# Why are my q-values equal to 1 after adjusting for multiple testing via the FDR?

I am testing for differential expression of micro RNAs (miRNA), and looking for changes in the mean of a continuous variable under a categorical variable that takes values 0 and 1. There are many different miRNA features, and I test each one in turn for a change in its mean. I performed a false-discovery rate (FDR) adjustment to account for these multiple comparisons. My q-values (reported by the false discovery rate procedure) turn out to be all equal to 1.

Can someone explain why this happened, and what it means?

• The use of unexplained acronyms and lack of any detailed information about the data will (severely) limit the pool of potential responders, which otherwise would include very knowledgeable people who could apply their expertise (in other areas) to your question. Please, then, consider explaining these acronyms and stating your question in a way that would make it intelligible to a wider audience. – whuber Sep 18 '14 at 16:59

Two points

Point the First
If you are using something like R's p.adjust() to calculate $q$ values, then the 1 values simply indicate not rejected at any level of FDR. $q$-values are actually a little problematic to interpret directly, since they have a subtle mathematical artifice and because they do not communicate the step-wise nature of the FDR adjustment process (and one cannot make FDR rejection decisions based on $q$-values alone). Backing up to a single two-sided hypothesis can help illustrate why:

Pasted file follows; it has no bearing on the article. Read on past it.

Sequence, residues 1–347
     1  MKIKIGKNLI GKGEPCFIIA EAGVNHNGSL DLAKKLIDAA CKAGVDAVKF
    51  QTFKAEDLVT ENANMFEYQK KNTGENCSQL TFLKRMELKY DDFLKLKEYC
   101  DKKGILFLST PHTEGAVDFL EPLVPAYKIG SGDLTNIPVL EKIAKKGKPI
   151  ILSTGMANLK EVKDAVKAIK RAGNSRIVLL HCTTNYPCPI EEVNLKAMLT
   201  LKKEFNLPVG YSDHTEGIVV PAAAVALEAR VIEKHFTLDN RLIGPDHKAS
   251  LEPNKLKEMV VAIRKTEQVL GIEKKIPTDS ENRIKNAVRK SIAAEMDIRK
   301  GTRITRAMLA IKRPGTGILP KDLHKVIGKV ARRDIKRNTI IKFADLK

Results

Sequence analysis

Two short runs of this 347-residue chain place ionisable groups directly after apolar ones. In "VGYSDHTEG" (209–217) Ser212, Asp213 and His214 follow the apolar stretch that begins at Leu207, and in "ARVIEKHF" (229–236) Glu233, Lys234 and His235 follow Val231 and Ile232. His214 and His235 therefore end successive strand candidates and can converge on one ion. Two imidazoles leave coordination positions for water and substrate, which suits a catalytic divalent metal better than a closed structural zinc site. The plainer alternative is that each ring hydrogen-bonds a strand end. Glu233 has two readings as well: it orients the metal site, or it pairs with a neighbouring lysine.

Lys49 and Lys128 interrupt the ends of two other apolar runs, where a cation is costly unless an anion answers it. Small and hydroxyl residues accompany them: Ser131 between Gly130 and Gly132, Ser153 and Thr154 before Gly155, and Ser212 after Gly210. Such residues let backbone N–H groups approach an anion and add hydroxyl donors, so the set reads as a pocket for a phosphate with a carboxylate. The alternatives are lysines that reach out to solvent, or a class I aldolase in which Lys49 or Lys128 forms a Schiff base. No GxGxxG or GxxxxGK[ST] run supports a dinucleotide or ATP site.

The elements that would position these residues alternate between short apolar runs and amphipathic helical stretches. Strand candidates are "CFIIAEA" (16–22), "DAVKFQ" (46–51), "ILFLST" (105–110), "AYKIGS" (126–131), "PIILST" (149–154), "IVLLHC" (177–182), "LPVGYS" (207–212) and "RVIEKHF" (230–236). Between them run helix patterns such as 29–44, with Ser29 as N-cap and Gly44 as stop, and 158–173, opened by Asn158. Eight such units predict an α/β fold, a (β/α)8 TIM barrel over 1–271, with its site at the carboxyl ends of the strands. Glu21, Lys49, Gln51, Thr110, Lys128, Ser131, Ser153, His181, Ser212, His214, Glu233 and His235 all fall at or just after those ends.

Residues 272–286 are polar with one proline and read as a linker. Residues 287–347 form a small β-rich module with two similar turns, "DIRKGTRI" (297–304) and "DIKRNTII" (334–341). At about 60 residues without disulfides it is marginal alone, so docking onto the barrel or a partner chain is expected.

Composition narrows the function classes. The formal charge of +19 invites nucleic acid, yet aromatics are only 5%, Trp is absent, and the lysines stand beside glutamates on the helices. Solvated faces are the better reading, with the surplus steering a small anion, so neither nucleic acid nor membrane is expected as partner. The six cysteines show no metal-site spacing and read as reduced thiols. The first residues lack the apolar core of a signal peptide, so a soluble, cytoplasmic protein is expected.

Reject $H_{0}$ if $p \le \alpha/2$. So for $\alpha = 0.05$, we would reject $H_{0}$ if $p \le 0.025$. Alternately, we could express this same rejection criterion as reject $H_{0}$ if $2p \le \alpha$. The first expression perhaps emphasizes the meaning of $p$, and the second emphasizes the meaning of $\alpha$.

If we think about the Bonferroni method (FWER, not FDR), we can see that we have two way to express the rejection criterion given $m$ number of comparisons:

Reject $H_{0}$ if $p \le \frac{\alpha/2}{m}$, or

Reject $H_{0}$ if $2mp \le \alpha$.

That $2mp$ is an 'adjusted $p$-value', sometimes called a '$q$-value'.

(I suppose there's also a third way: reject $H_{0}$ if $mp \le \alpha/2$.)

But look: $2mp$ is $>1$ when $p>.5/m$, which is quite possible. Unfortunately $p$ (or $q$) is supposed to be a probability which means that it's value is strictly bounded by zero and one inclusive. So many folks, and many statistical software authors will take an expression like $q = mp$, and replace it with $q=\max(1,mp)$. The same applies to FDR (whether using the Benjamini-Hochberg or Benjamini-Yekutieli method)... the adjustments are more complicated than the Bonferroni, but they cap the $q$-value results at 1.

In a way, I suspect that this implies that expressing such adjustments as adjustments of rejection levels, rather than adjustments to $p$-values is a little more coherent, because the artifice of $\max(1,f(p,i))$ does not apply.

Point the Second
We can't tell for sure because you have not provided, for example, your vector of $p$-values, but the likelihood is that your $p$-values are all too high, and that you are not achieving significance.